Subway Sociology #1: Showing Ini-$h*!-ive: Business Meetings with IBS and ADHD

I just came back from a business meeting in another state. A small group of us went. We stayed at different hotels, and we agreed to meet up half an hour before the meeting to make sure no one was late. The meeting was in a city with good mass transit, so my boss encouraged us to take the subway to get to our meeting. It would be “less complicated” and cheaper.

I had a terrible, no good, very ADHD time getting there. First, I got lost on the way to the train. Big surprise!? Then, the train readers weren’t taking credit cards because of a malfunction, and I never carry cash. Using cash means I can’t track my spending on my statement, which is a recipe for frivolous ADHD spending. The only ATM around was one that needed a branded debit card to enter before business hours. Guess who isn’t a Bank of America customer, and thus couldn’t use her own debit card to unlock the doors of the 24-hour ATM? I was on the verge of panic when a passerby finally took pity on me and unlocked the door with her card.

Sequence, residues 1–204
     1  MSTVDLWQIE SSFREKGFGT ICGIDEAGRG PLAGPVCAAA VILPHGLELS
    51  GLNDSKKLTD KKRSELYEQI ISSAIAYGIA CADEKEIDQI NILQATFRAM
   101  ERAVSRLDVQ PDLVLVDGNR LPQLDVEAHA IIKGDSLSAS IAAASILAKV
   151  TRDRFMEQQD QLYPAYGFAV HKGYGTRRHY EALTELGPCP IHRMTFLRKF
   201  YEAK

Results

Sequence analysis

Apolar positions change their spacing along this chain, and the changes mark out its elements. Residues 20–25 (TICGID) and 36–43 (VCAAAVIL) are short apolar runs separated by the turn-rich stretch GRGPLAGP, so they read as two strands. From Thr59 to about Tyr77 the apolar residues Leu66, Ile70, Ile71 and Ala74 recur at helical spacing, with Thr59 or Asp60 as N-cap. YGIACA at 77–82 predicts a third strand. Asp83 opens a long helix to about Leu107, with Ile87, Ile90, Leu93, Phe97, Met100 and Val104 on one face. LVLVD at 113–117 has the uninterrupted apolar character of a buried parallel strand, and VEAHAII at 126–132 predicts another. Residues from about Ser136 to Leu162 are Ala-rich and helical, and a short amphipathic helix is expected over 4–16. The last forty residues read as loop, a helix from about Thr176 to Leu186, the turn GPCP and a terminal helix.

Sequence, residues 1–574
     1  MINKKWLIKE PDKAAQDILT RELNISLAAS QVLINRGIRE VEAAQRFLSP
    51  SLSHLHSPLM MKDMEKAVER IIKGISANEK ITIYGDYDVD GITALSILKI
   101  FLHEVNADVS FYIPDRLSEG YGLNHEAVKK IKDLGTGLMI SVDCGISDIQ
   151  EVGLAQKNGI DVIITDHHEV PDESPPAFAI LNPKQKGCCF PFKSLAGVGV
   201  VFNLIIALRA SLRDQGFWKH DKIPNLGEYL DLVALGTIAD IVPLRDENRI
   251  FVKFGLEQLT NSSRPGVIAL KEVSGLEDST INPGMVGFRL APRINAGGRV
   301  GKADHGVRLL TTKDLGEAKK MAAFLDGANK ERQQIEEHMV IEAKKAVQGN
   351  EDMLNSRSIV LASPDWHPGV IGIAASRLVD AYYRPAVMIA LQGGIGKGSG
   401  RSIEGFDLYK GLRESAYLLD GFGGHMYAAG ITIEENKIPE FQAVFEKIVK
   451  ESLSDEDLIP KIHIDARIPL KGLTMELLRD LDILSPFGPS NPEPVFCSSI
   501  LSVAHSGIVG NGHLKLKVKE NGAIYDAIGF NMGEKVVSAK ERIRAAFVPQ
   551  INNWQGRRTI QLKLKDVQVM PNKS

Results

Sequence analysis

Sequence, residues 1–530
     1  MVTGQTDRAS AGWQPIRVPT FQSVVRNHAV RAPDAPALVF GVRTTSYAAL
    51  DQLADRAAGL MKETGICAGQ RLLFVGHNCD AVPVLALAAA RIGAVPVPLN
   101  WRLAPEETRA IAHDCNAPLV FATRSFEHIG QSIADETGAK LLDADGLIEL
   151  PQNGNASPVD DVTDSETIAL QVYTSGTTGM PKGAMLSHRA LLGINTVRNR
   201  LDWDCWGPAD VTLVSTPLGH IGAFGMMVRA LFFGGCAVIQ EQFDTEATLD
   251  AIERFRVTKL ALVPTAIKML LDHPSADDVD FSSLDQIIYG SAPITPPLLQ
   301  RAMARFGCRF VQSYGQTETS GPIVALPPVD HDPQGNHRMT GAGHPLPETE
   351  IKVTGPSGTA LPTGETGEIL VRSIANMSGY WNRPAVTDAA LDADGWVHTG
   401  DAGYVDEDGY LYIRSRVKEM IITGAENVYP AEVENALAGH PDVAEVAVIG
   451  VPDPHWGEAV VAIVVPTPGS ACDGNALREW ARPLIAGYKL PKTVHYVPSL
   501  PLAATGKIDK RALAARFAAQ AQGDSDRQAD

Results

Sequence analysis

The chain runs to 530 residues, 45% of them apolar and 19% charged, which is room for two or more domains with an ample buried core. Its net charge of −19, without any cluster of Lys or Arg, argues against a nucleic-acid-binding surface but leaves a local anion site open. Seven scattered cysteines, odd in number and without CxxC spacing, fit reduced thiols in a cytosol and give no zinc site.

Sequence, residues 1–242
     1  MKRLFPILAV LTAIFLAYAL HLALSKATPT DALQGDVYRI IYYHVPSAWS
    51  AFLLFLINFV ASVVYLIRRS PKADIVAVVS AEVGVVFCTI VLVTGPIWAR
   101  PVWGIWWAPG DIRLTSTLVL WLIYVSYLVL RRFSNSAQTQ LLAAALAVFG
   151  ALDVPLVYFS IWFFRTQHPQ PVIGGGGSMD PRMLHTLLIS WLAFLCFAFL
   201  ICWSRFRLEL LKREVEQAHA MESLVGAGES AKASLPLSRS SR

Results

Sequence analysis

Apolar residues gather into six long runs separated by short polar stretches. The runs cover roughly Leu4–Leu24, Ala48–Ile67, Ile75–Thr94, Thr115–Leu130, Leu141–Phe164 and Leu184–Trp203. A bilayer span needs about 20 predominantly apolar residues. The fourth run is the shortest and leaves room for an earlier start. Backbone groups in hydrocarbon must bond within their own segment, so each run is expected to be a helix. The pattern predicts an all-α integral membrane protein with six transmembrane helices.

After being reduced to begging strangers to get out their debit cards (and after I’d already decided I was okay using Uber and not getting reimbursed, only to have no drivers accept my fare), I finally got on the express train for my thirty-minute trip uptown.

I felt a familiar rumble in my guts. I typically follow a low-FODMAP diet, and I minimize or eliminate foods I’m sensitive to or allergic to in general. I follow a rotation diet for my allergies at home, but on business trips I don’t touch even a single bite of anything risky. It makes for a very restricted diet, but it usually keeps me gastrointestinally safe through high-stakes meetings. I kept to my diet religiously during the trip, but, before the trip, my diet had been worse than usual. In preparation for an upcoming GI test, I have been eating more of one of the things that do a number on me (wheat). I’ve had a celiac blood test in the past, and it was negative. However, since many of my symptoms match celiac, I don’t eat enough wheat with my moderate allergy to have another blood test be valid, and I’m having a related procedure anyway, my GI recommended a gluten challenge. I’ve been putting my GI system through intentional torture, and I guess my system was biding its time for revenge. I’m sure the anxiety involved in obtaining my train ticket also didn’t help.